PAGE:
The teacher evaluation process is a major part of many school administrators’ job. Having a firm grasp on this process is essential. The following seven steps will lead you to being a successful teacher evaluator. Each step focuses on a different aspect of the teacher evaluation process.
Know Your State’s Teacher Evaluation Guidelines
Every state has different guidelines and procedures for administrators to follow when evaluating. Most states require administrators to attend teacher evaluation professional development before they can begin evaluating teachers. It is important to study your specific states laws and procedures on evaluating teachers. It is also important that you know the dates that all teachers are supposed to be evaluated by and that those are done before the deadlines.
Know Your District’s Policies on Teacher EvaluationsIn addition to state policies, it is important to understand you districts policies and procedures when it comes to teacher evaluation. Some districts may require you to use a specific instrument, while others allow you to create your own. Districts may have specific things that they want evaluated that the state may not require.
Be Sure Your Teachers Understand All Expectations and ProceduresYou never want a teacher to be able to say that they were not aware of the teacher evaluation procedures in your district. It is important to not only give your teachers this information, but to document it as well. Should you ever need to dismiss a teacher, you want to cover yourself in making sure that all the district’s expectation were made known to them. There should not be any hidden elements to the teachers. They should be given access to what you are looking for, the instrument used, and any other pertinent information dealing with the evaluation process.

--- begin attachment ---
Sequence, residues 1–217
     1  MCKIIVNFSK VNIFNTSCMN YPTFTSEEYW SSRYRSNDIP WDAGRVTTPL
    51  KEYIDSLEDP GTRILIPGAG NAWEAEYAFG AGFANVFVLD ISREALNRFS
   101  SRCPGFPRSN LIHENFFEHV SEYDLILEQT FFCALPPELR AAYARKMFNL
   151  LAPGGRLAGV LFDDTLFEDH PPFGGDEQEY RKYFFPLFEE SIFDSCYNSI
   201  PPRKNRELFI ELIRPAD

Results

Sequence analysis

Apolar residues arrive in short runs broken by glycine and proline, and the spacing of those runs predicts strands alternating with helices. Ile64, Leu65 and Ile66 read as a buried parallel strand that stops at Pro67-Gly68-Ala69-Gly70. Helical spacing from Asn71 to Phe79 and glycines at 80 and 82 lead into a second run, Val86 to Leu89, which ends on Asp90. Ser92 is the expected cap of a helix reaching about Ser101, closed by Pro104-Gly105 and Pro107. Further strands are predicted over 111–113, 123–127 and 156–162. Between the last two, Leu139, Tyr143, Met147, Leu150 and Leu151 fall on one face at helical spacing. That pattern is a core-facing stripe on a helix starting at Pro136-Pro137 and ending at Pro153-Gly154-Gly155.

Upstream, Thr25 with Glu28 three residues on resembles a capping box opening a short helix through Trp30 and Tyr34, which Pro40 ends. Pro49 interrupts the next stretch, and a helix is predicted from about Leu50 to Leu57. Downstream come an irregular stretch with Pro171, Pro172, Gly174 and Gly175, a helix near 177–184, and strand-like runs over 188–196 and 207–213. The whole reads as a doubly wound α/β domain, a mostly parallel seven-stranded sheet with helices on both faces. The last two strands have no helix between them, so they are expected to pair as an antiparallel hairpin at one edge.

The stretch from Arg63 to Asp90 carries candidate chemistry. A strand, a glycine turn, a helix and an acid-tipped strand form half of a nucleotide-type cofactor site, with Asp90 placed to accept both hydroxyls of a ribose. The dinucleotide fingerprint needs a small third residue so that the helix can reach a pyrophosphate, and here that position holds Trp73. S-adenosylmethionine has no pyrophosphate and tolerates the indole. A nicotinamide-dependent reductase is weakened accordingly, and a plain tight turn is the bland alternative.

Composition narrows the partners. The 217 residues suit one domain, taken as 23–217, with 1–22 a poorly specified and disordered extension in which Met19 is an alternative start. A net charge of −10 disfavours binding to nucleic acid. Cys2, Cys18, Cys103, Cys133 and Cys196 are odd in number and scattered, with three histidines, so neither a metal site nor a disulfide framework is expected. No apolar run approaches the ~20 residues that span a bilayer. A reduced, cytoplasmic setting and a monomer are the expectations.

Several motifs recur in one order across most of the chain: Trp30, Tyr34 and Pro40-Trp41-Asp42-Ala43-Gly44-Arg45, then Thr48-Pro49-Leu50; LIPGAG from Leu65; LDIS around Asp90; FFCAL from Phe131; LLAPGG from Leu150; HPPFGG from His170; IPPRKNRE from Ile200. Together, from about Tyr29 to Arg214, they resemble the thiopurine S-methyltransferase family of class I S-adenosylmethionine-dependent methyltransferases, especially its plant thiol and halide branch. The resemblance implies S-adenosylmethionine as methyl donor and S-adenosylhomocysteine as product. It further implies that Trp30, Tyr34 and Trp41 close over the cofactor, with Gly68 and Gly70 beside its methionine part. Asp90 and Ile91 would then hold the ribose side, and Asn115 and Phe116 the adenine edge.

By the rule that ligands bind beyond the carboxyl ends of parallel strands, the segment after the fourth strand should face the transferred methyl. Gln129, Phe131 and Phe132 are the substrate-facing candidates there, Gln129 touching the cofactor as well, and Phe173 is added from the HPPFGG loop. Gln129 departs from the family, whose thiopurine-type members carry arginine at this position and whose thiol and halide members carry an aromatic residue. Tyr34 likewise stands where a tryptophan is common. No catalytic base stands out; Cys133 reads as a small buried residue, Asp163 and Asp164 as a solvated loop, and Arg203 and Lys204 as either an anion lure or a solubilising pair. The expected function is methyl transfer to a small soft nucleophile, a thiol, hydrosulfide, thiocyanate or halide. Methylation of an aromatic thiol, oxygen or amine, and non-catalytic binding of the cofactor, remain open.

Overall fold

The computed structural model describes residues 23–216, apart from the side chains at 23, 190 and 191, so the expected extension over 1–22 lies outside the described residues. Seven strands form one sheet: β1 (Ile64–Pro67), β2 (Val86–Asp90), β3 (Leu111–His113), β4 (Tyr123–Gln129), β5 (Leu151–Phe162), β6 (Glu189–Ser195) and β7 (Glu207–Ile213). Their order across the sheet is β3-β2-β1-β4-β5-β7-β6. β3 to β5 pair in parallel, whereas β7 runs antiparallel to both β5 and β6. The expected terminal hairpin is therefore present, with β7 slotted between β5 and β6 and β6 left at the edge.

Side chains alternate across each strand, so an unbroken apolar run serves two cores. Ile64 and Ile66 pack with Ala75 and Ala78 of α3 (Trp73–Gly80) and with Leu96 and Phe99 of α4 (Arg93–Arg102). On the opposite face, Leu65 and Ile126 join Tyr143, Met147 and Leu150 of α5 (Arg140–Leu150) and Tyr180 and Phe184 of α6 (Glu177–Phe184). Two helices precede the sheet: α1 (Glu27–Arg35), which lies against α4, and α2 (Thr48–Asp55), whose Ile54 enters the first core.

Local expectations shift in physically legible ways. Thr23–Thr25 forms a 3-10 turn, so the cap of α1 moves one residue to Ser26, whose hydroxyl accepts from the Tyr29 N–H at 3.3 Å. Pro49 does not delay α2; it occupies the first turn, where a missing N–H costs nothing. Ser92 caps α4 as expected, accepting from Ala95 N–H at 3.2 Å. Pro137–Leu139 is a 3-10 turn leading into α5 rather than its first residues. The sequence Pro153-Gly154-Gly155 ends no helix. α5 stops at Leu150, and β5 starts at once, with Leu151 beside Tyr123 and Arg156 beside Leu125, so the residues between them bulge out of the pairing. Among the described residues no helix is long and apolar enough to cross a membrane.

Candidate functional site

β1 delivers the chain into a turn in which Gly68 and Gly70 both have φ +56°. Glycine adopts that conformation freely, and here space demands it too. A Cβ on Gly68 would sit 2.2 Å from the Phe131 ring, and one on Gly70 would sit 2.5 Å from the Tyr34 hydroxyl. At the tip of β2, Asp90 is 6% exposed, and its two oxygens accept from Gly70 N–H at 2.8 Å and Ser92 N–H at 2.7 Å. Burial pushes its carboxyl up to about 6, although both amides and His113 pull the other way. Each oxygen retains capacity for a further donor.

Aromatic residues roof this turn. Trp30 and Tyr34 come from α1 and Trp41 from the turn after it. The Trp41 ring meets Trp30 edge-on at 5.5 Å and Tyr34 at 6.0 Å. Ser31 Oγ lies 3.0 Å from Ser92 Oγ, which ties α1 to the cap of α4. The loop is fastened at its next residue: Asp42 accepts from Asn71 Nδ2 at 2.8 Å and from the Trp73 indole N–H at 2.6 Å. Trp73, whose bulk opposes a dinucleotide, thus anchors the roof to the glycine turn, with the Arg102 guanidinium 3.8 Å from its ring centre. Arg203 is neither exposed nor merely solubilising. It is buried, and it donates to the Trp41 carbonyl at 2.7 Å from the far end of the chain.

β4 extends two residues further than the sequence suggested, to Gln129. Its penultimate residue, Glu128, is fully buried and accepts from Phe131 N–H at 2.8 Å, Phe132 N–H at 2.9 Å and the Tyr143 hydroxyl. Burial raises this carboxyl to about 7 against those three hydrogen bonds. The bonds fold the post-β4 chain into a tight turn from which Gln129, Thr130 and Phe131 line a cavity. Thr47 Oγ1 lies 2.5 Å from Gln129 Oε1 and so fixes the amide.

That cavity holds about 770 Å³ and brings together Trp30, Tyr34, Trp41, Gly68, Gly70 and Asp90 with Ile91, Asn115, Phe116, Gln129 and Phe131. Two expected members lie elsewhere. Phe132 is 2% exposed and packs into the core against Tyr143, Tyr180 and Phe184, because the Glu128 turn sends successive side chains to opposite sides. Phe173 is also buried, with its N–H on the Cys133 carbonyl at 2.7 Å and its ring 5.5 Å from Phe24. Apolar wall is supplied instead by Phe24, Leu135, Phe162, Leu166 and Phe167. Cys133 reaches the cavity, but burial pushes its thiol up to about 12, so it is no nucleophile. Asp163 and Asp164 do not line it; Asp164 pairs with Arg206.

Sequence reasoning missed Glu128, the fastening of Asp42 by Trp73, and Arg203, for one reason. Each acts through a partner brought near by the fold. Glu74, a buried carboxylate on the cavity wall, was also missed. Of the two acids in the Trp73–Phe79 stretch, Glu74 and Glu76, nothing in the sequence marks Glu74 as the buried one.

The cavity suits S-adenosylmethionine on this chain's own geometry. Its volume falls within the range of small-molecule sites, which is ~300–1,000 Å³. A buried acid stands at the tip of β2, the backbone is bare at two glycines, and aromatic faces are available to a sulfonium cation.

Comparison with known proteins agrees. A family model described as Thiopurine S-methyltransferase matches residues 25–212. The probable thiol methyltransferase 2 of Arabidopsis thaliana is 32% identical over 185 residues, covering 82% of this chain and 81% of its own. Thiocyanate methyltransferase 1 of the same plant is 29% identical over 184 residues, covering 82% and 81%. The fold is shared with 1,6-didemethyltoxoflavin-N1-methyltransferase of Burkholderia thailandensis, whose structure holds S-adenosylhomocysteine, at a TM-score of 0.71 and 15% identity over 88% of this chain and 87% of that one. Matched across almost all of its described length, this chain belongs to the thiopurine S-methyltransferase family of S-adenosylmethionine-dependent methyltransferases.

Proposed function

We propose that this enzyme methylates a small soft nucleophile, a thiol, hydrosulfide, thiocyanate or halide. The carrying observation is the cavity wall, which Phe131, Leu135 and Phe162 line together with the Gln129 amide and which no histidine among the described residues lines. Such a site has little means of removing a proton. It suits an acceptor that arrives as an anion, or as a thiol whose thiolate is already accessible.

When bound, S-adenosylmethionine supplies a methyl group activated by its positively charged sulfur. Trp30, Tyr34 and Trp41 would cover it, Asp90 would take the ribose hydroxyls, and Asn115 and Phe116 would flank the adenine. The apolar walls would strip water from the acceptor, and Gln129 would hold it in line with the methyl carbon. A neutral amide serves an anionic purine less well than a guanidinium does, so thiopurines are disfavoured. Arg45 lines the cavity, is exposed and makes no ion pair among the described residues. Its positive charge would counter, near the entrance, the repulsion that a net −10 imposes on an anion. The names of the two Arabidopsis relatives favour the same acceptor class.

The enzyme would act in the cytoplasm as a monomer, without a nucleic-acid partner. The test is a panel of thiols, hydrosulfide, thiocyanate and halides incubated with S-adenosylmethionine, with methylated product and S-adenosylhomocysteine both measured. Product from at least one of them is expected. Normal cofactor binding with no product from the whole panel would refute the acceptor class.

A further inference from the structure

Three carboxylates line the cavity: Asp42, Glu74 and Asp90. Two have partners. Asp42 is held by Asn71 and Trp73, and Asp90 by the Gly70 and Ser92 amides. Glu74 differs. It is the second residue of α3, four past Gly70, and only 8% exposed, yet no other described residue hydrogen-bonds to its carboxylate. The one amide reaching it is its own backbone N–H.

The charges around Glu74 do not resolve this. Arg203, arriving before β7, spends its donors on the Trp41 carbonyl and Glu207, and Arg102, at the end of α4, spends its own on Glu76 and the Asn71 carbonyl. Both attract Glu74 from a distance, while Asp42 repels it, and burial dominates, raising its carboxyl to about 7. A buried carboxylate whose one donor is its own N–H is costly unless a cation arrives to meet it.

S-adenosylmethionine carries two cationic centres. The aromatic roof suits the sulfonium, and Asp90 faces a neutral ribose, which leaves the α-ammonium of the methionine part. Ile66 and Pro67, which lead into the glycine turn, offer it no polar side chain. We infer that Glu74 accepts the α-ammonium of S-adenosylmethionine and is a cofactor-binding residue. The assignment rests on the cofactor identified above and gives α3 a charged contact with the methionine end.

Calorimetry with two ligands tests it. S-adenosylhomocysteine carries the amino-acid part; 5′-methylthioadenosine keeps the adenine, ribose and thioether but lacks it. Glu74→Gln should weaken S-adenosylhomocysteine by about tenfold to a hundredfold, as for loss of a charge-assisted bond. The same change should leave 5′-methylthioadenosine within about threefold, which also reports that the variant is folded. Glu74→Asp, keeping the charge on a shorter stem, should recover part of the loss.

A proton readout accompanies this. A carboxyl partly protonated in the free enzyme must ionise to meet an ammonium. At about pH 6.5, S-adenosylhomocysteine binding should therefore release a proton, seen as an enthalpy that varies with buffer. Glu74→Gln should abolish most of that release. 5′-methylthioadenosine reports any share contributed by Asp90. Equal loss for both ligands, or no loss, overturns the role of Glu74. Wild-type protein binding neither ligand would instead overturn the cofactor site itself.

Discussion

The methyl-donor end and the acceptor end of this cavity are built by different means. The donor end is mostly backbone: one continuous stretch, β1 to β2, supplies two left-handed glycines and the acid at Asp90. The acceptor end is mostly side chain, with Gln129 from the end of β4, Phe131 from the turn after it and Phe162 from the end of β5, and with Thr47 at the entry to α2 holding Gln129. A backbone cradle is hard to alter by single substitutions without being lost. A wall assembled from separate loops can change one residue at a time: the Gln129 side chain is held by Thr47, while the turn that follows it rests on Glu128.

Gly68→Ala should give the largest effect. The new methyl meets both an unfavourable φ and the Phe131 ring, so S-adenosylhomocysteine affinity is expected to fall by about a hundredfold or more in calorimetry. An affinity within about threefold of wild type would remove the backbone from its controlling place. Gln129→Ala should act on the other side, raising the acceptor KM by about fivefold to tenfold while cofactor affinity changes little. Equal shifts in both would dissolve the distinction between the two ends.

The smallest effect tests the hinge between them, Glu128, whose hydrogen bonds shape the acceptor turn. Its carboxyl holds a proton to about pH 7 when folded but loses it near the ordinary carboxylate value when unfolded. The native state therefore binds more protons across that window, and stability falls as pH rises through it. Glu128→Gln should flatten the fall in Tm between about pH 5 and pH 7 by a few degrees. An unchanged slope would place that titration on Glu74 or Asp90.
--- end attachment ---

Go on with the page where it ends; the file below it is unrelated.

Schedule Pre and Post Conferences
A pre-evaluation conference allows you to sit down with the teacher you are observing before hand to lay out your expectations and procedures. It is recommended that before the pre-observation conference you give the teacher an evaluation questionnaire which will give you more information about their classroom and what you can expect to see when you evaluate them. A post evaluation conference allows you to go over the evaluation with the teacher, giving them any feedback and suggestions, and answering any questions they might have.
Have a Current Meaningful Teacher Evaluation Tool
In some cases this is not necessarily possible. Some districts have evaluation tools that they require you to use while others allow flexibility with the administrator using it. If you have the opportunity to design your own instrument, then make sure you always have it board approved before using it. Just like any good tool, reevaluate it from time to time. Don’t be afraid to update it. Make sure it always meets state and district expectations, but add your own twist to it. If you are in a district where they have a specific instrument you have to use and you feel like there is a change that could improve it, then approach your superintendent and see if it may be possible to make some changes.